“Swiss design has had much more to offer
than formal adherence to functionality”
Davide Fornari, Curator of the Swiss Collection
Switzerland may be a relatively small country but its influence and distinct, recognizable style across cultural mediums in architecture, graphic arts, or product design are undeniable, a devotion to bold graphic quality, clean-lined forms, and functionality shine through. While the visual presentation of these works leaves a lasting impression on viewers, the way in which these designers are challenging our understanding of material and use of daily objects delivers a compelling contribution to the world of contemporary design. Whether it’s addressing current issues in production and material use in a circular economy, or how genetic altering will affect our devotion to physical perfection in the near future, these designers are ensuring a thoughtful and progressive livelihood for Swiss design for years to come.
Adorno is proud to present the Swiss Collection, curated by Davide Fornari, to be exhibited this year at Crossovers: 2019 during London Design Fair. The Lausanne Collection: 6 Swiss designers and studios present forward-thinking and ultra-contemporary functionality while showcasing a snapshot of the cultural diversity defining their design scene.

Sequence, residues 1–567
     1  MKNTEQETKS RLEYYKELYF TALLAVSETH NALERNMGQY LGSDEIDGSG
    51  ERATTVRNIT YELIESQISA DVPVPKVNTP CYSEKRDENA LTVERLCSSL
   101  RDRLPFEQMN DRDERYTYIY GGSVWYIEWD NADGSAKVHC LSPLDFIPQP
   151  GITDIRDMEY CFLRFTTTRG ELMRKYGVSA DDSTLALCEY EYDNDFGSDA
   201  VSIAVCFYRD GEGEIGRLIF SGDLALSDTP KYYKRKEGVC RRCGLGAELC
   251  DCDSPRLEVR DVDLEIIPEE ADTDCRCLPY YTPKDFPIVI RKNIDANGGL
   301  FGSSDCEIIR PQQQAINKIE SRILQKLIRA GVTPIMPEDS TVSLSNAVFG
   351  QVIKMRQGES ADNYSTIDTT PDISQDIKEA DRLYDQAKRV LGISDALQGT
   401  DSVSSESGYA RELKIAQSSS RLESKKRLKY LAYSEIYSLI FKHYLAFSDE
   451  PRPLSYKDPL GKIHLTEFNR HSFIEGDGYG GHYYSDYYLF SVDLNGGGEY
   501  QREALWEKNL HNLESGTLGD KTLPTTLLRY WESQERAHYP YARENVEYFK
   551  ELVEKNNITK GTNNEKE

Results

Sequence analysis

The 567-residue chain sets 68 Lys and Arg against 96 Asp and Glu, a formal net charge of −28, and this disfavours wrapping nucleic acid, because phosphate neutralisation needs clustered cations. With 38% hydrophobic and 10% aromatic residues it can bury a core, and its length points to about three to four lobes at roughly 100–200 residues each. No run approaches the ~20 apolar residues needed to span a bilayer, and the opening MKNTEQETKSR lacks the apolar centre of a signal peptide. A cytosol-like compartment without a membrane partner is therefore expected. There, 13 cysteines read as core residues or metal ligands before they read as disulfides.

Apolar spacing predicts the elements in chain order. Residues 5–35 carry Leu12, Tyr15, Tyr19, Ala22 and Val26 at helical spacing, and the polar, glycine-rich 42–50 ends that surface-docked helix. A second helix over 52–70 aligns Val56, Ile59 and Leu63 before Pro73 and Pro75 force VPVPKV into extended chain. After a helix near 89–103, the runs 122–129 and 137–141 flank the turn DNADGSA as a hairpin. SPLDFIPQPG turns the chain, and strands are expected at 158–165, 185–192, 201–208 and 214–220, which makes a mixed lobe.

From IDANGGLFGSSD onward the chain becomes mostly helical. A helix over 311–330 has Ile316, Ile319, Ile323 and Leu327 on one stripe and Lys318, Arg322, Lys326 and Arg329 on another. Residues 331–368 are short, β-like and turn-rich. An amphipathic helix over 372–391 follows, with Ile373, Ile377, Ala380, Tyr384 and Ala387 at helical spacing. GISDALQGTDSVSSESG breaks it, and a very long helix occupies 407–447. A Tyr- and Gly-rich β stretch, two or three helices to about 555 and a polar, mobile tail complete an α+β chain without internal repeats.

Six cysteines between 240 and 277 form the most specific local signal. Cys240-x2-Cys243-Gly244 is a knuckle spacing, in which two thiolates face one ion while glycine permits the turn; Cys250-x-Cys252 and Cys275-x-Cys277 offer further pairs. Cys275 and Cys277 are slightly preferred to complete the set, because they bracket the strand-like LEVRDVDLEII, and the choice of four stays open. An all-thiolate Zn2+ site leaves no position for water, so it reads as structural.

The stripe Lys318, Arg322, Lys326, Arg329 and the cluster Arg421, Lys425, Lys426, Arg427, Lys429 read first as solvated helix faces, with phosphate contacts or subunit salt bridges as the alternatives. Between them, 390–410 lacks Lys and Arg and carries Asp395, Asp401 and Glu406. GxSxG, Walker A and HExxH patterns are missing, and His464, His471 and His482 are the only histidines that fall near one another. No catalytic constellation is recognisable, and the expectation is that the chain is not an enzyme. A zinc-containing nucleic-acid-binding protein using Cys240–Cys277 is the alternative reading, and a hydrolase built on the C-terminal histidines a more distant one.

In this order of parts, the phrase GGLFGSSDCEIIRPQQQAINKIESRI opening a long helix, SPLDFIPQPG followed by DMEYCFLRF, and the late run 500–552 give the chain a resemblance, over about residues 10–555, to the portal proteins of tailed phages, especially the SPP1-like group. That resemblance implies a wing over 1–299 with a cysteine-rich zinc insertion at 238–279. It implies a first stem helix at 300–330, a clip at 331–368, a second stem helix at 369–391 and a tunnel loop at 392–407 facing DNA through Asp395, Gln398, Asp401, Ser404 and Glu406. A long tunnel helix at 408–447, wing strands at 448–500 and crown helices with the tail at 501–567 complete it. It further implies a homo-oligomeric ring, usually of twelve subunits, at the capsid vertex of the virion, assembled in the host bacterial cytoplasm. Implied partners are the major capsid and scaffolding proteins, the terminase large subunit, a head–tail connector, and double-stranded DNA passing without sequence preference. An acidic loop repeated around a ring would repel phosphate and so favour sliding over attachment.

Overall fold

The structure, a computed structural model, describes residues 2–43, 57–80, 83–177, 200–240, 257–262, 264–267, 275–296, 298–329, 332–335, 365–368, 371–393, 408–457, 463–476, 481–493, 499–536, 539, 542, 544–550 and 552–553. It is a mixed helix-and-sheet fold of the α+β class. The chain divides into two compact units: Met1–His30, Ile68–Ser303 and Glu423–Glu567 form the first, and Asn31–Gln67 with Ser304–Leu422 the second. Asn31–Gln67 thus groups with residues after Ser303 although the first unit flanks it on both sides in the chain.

This collection represents a diverse range of product and interior design, with works by Josefina Muñoz, BMCO, Virage Design Studio, Ulysse Martel & Candice Joyce Blanc, Panter&Tourron, and Adrien Rovero.
The Swiss Collection
What are the main themes presented in this collection?
I was particularly interested in pieces that deal with novel, formal experimentations with materials, both within traditional product categories (coffee tables, lamps, stools) and unexpected genres: masks, dumbbells, and a Swiss knife, of course.
Environmental awareness is also a central issue; it is embedded within the concept itself of limited edition products.
Give us 3 words that define the current design scene in Switzerland.
Craftsmanship, functionality and environmental awareness.
What does this collection tell us about Switzerland today, and where its cultural scene may be moving towards in the future?